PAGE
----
Much of the work consisted of painstaking reviews of more than 84,000 records on multiple fronts: The immigration status of the workers was verified by the U.S. Immigration and Naturalization Service; criminal background checks were performed by the FBI to weed out convicted felons; and the authenticity of Social Security numbers listed on badge applications was examined by the U.S. Social Security Administration.

In the end, investigators found discrepancies in the information provided on 553 applications, a discovery that has since led to the arrests of 45 people.

Patrick J. Fitzgerald, U.S. attorney for the Northern District of Illinois, praised the operation at a December press conference.

“If we’re going to have any chance to make our airports secure from crime, most importantly for terrorism … we have to know who is working there,” he said.

Added William Cotter, who heads the investigative arm of the Social Security Administration in Chicago: “Any number of them could have compromised the integrity of the security system in place.”

Yet none of those arrested were treated like major threats to national security.

At press time, only two of those arrested remain locked up in Chicago’s Metropolitan Correctional Center, an administrative-level facility that usually houses inmates sentenced to three years or less. Most spent a brief time in detention before they were released on their own recognizance—with a relatively small bail of $4,500. Some were swiftly deported.

Prosecutors have already dismissed three criminal cases and brought misdemeanor charges against 14 workers—though they initially announced at the press conference that all were being charged with felonies.

So far, 15 cases have been resolved, mostly with sentences of probation for a year or less. Two cases led to prison time beyond the time already served.

The disposition of cases caught up in immigration proceedings could not be accounted for by the INS.

Swept Away
Elvira Arellano’s trouble began on Dec. 10 with a knock at the front door of her apartment in Pilsen on the Near Southwest Side. It was about 8 a.m., and she and her son were still asleep.

The visitors were about a half dozen officers, dressed in dark jackets with lettering in yellow. She didn’t recognize the uniforms, but they identified themselves as “federal police,” she remembers.

Initially, she figured they were investigating a nearby crime. Yet the line of questioning seemed odd from the get-go: Who else lives with her? Where are her IDs? Does she own a weapon?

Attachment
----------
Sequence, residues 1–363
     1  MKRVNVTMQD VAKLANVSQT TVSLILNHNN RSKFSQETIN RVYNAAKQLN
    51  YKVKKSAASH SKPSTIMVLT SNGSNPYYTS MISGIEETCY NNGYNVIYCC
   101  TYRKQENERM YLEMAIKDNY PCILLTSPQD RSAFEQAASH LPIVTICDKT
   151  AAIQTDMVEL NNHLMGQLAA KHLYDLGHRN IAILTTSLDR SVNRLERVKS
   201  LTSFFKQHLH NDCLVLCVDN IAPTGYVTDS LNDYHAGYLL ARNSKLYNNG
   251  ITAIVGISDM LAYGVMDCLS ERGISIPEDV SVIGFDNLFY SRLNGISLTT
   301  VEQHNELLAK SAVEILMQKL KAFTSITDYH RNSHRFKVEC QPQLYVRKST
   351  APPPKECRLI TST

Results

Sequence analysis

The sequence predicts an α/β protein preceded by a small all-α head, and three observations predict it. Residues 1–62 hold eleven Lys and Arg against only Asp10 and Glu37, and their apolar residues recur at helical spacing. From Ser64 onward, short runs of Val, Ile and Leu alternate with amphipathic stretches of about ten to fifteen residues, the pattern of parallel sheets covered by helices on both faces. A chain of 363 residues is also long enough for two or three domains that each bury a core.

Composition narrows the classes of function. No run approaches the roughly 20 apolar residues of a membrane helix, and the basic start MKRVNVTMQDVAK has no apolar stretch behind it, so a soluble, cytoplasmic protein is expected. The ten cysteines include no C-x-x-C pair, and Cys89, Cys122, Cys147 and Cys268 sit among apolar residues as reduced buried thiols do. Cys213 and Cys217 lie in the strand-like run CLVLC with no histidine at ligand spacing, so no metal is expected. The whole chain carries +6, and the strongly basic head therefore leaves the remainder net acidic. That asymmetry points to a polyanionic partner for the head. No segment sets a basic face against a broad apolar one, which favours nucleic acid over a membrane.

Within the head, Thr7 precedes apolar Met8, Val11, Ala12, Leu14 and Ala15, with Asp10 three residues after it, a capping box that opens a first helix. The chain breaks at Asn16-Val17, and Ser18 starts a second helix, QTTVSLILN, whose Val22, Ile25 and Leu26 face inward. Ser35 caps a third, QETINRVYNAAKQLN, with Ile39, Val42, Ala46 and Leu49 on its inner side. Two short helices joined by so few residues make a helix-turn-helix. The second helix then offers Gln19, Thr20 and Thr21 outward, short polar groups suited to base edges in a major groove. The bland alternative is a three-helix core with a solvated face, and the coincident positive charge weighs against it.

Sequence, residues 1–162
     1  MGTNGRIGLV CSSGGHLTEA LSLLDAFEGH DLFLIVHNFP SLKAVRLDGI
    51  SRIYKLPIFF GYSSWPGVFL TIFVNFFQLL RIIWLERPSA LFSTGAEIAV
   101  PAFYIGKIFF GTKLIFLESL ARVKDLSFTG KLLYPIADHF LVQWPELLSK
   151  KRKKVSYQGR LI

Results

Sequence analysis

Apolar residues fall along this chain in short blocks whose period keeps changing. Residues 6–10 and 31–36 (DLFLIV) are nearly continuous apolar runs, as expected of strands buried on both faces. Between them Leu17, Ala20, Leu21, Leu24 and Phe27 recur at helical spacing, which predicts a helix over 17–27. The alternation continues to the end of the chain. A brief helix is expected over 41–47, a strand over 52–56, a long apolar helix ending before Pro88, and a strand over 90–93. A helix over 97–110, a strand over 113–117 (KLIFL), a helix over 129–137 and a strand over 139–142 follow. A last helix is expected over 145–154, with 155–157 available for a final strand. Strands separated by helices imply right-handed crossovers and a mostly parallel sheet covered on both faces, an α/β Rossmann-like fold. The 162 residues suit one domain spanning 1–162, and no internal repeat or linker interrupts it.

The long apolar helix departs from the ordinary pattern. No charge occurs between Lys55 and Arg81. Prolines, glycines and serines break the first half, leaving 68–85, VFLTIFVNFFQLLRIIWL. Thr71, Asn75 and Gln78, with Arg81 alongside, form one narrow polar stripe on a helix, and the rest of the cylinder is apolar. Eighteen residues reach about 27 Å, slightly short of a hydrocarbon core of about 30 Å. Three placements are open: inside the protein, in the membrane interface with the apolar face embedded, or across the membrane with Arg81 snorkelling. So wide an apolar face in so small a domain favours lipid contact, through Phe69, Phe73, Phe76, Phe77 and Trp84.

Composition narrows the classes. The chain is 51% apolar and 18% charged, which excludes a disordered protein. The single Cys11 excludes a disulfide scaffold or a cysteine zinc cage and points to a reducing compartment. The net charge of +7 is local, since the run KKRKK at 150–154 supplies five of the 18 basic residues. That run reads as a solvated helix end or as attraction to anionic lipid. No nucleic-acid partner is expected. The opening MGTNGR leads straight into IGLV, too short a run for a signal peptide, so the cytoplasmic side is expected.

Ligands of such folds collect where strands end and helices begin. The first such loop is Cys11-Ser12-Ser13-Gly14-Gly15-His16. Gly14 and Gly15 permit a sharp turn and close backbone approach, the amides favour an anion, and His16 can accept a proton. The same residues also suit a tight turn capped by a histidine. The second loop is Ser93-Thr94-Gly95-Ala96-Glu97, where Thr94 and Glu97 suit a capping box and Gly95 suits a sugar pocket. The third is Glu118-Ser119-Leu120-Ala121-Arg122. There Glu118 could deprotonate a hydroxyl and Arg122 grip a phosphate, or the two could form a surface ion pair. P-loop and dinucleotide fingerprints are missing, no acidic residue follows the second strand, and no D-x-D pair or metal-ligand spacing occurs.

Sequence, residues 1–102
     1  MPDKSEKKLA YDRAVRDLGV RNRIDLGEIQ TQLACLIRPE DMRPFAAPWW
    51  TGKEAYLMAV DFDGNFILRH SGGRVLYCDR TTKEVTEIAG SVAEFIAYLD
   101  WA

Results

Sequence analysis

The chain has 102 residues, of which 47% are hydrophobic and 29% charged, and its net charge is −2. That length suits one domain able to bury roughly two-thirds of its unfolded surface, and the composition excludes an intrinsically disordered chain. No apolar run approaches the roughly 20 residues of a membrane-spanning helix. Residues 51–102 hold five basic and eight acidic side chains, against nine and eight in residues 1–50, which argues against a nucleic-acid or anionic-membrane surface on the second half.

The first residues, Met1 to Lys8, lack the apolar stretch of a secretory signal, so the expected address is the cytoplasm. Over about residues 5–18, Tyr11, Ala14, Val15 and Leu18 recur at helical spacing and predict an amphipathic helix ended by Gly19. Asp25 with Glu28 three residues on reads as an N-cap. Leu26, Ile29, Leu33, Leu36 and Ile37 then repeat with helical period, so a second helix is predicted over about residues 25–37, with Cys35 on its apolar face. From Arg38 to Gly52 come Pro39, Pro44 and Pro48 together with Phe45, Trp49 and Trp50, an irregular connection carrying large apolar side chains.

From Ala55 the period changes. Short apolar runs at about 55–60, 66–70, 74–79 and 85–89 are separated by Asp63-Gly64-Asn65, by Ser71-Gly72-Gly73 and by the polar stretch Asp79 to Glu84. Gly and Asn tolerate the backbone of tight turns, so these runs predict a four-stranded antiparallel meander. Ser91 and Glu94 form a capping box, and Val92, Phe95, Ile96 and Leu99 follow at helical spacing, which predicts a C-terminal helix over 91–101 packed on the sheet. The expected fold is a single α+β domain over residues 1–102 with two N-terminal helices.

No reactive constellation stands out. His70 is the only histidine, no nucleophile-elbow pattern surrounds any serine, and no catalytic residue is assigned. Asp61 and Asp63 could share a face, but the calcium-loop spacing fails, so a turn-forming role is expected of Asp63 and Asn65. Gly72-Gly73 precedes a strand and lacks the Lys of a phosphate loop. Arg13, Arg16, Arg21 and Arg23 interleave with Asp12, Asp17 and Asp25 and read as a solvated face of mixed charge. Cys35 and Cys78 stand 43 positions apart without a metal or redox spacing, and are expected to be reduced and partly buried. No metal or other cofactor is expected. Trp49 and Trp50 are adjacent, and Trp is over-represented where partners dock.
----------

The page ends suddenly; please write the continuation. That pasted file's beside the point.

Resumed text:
The gravity of the situation soon dawned on her.

“They asked me if I understood what was happening, and I told them, ‘Yes,’” she said. “I had heard through the TV that there had been roundups [of airport workers] in other states.”

That morning, it turned out, federal agents were canvassing across the city, similarly arresting 20 other workers.

Like most workers arrested that day, Arellano was charged for fraudulently obtaining airport security clearance, a federal offense punishable by up to five years in prison and a $250,000 fine.

But her immediate concern was for her son, whose custody, she was told, would be turned over to the City of Chicago. She wasn’t about to let that happen.

“I told them, ‘No,’ because I have worked to support my son, not the city,” she said. “I raised my voice and told them that my son was going to go with me.”

Eventually, they agreed to let him stay with a babysitter.

With her son out of sight, the officers slapped handcuffs on her. She began to cry. “They didn’t have to treat me like that,” she said.

The next stop was an INS detention center in Broadview, just west of Chicago. There, she was briefly interrogated and spent the next eight to nine hours waiting.

Around 7 p.m., she was transported to federal court, where she met three other airport workers who shared the same fate. A judge read them their rights and assigned each an attorney. Through an interpreter, their charges were explained.

The whole thing took about an hour, she said. Then she was let go, on a bail of $4,500.

As she headed home, her cell phone rang. News of the sweep had apparently been all over TV, and a co-worker was calling to warn her.

By then, it was 12 hours too late.

Compromised Position
In the aftermath of the Sept. 11 attacks, the Bush administration made terrorism prevention the top priority of federal law enforcement agencies.

Ashcroft has said he wants the Justice Department to go after terrorists the same way former U.S. Attorney General Robert F. Kennedy went after the mafia in the 1960s—by prosecuting them for the smallest of offenses, even “spitting on the sidewalk.”

The airport sting, known nationwide as Operation Tarmac, was one of the first initiatives to emerge from this philosophy.

The genesis of the operation was in Salt Lake City, where a beefed-up security in preparation for the 2002 Winter Olympics led to the firing of more than 200 airport workers and 69 indictments similar to those filed in Chicago. Many of those affected were undocumented immigrants with no suspected links to terrorism and no prior criminal history.